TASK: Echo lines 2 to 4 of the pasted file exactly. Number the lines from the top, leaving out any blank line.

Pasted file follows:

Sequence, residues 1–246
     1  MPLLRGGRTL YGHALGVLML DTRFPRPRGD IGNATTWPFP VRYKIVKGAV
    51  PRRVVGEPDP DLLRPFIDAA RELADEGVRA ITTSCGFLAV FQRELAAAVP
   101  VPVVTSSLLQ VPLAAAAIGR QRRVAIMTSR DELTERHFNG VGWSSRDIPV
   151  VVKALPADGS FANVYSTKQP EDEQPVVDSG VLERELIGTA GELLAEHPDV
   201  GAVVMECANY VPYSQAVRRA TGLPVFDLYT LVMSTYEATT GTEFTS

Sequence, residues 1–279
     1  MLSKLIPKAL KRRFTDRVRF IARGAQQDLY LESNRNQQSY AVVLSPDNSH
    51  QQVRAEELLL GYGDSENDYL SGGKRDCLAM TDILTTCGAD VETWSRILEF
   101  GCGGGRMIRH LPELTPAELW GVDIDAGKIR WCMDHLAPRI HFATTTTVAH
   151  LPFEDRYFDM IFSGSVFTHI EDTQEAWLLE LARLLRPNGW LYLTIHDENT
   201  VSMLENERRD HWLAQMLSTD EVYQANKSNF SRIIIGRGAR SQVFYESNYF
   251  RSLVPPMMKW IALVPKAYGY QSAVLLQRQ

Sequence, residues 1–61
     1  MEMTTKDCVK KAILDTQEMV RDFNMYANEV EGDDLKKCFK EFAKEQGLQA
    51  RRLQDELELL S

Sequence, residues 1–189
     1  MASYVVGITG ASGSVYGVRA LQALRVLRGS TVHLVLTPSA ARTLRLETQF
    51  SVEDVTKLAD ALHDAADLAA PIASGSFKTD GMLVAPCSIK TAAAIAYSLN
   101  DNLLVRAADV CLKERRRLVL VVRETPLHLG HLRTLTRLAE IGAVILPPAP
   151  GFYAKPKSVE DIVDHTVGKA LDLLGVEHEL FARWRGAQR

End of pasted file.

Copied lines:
     1  MPLLRGGRTL YGHALGVLML DTRFPRPRGD IGNATTWPFP VRYKIVKGAV
    51  PRRVVGEPDP DLLRPFIDAA RELADEGVRA ITTSCGFLAV FQRELAAAVP
   101  VPVVTSSLLQ VPLAAAAIGR QRRVAIMTSR DELTERHFNG VGWSSRDIPV